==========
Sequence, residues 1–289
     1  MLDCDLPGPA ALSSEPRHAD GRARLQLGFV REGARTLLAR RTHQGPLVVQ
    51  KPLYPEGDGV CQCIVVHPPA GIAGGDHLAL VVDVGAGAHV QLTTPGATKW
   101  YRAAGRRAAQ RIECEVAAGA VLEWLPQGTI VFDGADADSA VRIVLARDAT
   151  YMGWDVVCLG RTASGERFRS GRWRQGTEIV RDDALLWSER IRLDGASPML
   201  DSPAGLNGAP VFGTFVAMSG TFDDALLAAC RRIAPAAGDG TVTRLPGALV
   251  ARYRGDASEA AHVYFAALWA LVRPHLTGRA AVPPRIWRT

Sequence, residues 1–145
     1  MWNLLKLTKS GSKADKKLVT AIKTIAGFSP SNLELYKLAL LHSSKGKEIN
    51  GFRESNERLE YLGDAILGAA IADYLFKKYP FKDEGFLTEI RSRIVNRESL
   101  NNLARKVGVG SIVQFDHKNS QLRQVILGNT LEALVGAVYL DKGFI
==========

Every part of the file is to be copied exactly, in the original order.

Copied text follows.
Sequence, residues 1–289
     1  MLDCDLPGPA ALSSEPRHAD GRARLQLGFV REGARTLLAR RTHQGPLVVQ
    51  KPLYPEGDGV CQCIVVHPPA GIAGGDHLAL VVDVGAGAHV QLTTPGATKW
   101  YRAAGRRAAQ RIECEVAAGA VLEWLPQGTI VFDGADADSA VRIVLARDAT
   151  YMGWDVVCLG RTASGERFRS GRWRQGTEIV RDDALLWSER IRLDGASPML
   201  DSPAGLNGAP VFGTFVAMSG TFDDALLAAC RRIAPAAGDG TVTRLPGALV
   251  ARYRGDASEA AHVYFAALWA LVRPHLTGRA AVPPRIWRT

Sequence, residues 1–145
     1  MWNLLKLTKS GSKADKKLVT AIKTIAGFSP SNLELYKLAL LHSSKGKEIN
    51  GFRESNERLE YLGDAILGAA IADYLFKKYP FKDEGFLTEI RSRIVNRESL
   101  NNLARKVGVG SIVQFDHKNS QLRQVILGNT LEALVGAVYL DKGFI